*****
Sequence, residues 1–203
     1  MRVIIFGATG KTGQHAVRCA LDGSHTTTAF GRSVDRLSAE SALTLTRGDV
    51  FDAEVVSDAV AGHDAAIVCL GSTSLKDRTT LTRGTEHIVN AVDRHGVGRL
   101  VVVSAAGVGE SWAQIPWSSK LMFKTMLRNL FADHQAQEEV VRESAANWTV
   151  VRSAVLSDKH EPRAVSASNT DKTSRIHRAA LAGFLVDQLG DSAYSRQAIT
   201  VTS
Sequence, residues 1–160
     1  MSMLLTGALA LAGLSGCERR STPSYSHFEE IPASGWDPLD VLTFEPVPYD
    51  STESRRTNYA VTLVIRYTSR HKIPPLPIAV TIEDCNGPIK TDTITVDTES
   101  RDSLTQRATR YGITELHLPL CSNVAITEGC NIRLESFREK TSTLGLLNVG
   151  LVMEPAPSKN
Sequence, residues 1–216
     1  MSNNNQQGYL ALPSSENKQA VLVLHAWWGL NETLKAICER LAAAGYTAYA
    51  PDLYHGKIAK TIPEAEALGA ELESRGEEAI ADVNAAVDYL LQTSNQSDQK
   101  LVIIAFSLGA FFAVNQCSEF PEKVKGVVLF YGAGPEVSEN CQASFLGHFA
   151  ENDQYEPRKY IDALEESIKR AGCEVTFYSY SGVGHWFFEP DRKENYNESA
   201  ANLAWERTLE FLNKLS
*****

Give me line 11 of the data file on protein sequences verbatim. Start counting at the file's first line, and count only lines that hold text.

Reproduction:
   151  LVMEPAPSKN